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Sumatran tiger cub

Red-crested Pochard duckling

Two-toed sloth

Domestic short-hair kitten

Wild boar (sus scrofa) piglet

Loki the boxer pup

Atlantic seal pup

Yun Zi the baby giant panda

Asian small-clawed otter pups

White-tailed deer fawn

African elephant calf

Sea turtle hatchling

A new study has found that viewing pictures of baby animals increases concentration and focus.

The Japanese have long known that cute things produce happy feelings — but apparently they do a lot more. Researchers at the Graduate School of Integrated Arts and Sciences, Hiroshima University, have found that looking at adorable baby animals gives workers a spike in productivity, too.

The study, "The Power of Kawaii", published last week in scientific journal PLOS One, was split into three groups. In the first, 48 university students were asked to play a game similar to Operation. In between sessions, the students were shown a card with either a picture of an adult or a baby animal. Those who viewed the baby animals performed 44 per cent better at the game, although they took a little longer to do so.

The second group, consisting of 48 students once again, was asked to perform a visual test in which they had to find a particular numeral in a grid without the aid of pointing. In between sessions, one third of the group viewed baby animals, another third viewed adult animals and the last third viewed pictures of pleasant food. The baby animal group performed better by around 16 per cent, while the food group experienced no significant change in performance.

In the third section of the experiment, 36 participants were tested on reaction time, tasked with indicating whether a display showed the letter H or the letter T. Viewing baby animals was found to reduce the global precedence effect.

According to the study:

The results replicated and extended the result of Sherman et al that viewing cute images has a positive effect on behavioural performance in tasks that require carefulness. The effect occurred not only in the motor domain, but also in the perceptual domain.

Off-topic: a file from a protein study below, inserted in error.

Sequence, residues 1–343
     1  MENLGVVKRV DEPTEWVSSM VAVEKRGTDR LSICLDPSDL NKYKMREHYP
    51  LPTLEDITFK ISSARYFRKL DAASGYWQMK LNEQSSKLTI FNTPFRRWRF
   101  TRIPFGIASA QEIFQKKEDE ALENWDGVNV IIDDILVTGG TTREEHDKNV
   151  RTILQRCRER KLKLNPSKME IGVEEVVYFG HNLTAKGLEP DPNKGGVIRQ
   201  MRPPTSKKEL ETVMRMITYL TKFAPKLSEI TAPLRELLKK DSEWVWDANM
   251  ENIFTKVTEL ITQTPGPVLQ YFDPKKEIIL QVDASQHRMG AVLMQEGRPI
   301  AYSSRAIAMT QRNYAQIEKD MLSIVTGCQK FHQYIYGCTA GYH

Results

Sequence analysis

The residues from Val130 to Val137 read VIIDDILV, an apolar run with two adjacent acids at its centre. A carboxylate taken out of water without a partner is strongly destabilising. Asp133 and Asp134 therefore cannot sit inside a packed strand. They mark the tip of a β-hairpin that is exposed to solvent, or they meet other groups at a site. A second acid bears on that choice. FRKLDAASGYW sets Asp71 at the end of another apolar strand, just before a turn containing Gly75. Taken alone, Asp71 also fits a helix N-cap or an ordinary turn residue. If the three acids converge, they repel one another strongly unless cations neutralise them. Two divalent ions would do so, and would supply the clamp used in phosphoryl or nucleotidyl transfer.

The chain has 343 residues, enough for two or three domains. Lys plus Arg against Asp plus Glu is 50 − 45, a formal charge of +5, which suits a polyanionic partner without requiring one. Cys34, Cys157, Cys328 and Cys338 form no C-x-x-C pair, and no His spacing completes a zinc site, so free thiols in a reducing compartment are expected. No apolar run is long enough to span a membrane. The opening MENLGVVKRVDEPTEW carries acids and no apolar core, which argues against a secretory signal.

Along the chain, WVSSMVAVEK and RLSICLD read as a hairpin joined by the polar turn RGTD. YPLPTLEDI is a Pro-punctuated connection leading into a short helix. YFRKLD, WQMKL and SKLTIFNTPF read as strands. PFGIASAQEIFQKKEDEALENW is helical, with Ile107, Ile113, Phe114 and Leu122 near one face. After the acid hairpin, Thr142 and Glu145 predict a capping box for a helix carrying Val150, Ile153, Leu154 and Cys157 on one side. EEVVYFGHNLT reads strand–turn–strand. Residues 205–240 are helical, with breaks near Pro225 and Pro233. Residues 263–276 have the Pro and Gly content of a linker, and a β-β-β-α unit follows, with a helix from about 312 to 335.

If you want to test this study for yourself, click through our gallery of adorable baby animal photos below — and bookmark Zooborns for a regular fix.

Caption by / Photo by Yawning tiger cub image by Tambako the Jaguar, CC BY-ND 2.0
Caption by / Photo by Duckling image by Dan Davison, CC BY 2.0
Caption by / Photo by baby two-toed image by Matt MacGillivray, CC BY 2.0
Caption by / Photo by Youngkitten image by That Guy, From That Show!, public domain
Caption by / Photo by Sus scrofa piglet image by Sander van der Wel, CC BY-SA 2.0
Caption by / Photo by Loki assists the gods, and sometimes causes problems for them image by MythicSeabass, CC BY 2.0
Caption by / Photo by Crías de focas 2009 (1) image by =mc2, CC BY-SA 2.0
Caption by / Photo by Yun Zi - Baby Giant Panda - IMG_1729 2 image by fortherock, CC BY-SA 2.0
Caption by / Photo by otter pup image by Michelle Bender, CC BY-SA 2.0
Caption by / Photo by newborn fawn just 2 minutes after birth image by Clay Junell, CC BY-SA 2.0
Caption by / Photo by Baby Elephant Running image by Brandon Daniel, CC BY-SA 2.0
Caption by / Photo by Hatchling In Ripples_ image by US Fish and Wildlife Service Southeast Region, CC BY 2.0
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